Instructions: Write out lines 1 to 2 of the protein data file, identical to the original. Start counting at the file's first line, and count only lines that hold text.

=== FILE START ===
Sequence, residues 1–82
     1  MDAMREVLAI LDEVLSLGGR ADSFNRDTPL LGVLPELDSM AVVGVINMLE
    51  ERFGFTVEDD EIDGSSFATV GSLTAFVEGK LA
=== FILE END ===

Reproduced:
Sequence, residues 1–82
     1  MDAMREVLAI LDEVLSLGGR ADSFNRDTPL LGVLPELDSM AVVGVINMLE